The reformist left tails the bureaucracy’s pro-Democratic Party “lesser evilism,” albeit with more radical rhetoric. This was made clear during the large immigrant rights demonstrations on May Day 2006, when hundreds of thousands of overwhelmingly Latino immigrants took to the streets in cities across the country to protest anti-immigrant repression. At the same time, the politics of these protests, organized by Latino groups, the Catholic church, Democratic politicians and their allies in the trade-union bureaucracy, was crystallized in the slogan, “Today we march, tomorrow we vote.” The International Socialist Organization (ISO) claimed that these pro-Democratic Party marches showed the potential to “break the logjam of U.S. politics, in which the Republicans launch attack after attack with little or no response from the Democrats” (Socialist Worker, 31 March 2006). In contrast to the ISO and other fake socialists, we wrote in “How the Fake Left Amnesties the Democrats” (WV No. 873, 7 July 2006):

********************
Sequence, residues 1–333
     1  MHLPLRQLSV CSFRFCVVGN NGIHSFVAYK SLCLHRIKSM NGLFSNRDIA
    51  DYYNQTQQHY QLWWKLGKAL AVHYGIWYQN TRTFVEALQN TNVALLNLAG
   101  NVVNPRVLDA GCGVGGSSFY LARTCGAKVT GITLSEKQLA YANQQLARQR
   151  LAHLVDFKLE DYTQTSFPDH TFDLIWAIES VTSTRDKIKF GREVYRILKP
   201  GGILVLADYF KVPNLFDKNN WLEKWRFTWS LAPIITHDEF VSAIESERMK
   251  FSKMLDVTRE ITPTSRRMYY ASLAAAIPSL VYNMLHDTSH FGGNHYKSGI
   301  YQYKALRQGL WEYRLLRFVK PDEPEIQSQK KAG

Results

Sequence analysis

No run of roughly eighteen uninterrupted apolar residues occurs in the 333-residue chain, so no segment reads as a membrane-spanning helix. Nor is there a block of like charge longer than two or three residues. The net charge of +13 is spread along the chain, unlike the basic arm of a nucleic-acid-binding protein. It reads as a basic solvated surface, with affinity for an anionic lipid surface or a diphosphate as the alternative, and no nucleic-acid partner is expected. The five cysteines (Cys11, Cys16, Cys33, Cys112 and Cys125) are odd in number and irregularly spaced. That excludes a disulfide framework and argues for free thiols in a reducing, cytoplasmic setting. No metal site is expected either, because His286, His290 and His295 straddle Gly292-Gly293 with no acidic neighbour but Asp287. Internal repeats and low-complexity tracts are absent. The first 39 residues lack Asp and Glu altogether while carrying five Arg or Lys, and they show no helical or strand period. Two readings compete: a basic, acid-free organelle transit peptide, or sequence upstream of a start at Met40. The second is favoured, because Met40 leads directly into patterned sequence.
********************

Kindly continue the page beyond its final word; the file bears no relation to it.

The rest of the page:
“These reformist outfits’ agenda is to prettify the ugly face of U.S. imperialist capitalism. Our aim in intervening on behalf of immigrants, both at the massive demonstrations and within the working class, is to win workers to the understanding that they must oppose the whole capitalist system.”
Now, the ISO’s International Socialist Review (March-April 2008) cynically writes, “Very broad sections of the immigrant rights movement believe that a Democratic Party-controlled White House and Congress will create better conditions for winning some form of legalization and ending the crackdown on immigrant communities.” Promoting the illusion that the Democrats can be pressured to serve the interests of workers and the oppressed, the ISO complains that “the Democratic Party has never come under significant pressure to put forward an alternative to militarization of the border and the interior.”
Were anything like genuine amnesty for undocumented immigrants on offer, we Marxists would be in favor of it. But none of the capitalist politicians, nor their friends in the union bureaucracy, are proposing anything of the sort! And the harsh reality is that no amount of reform can make capitalism, which is based on the brutal exploitation of labor, a humane or rational system. We wrote in the International Communist League’s “Declaration of Principles and Some Elements of Program” (Spartacist [English-language edition] No. 54, Spring 1998):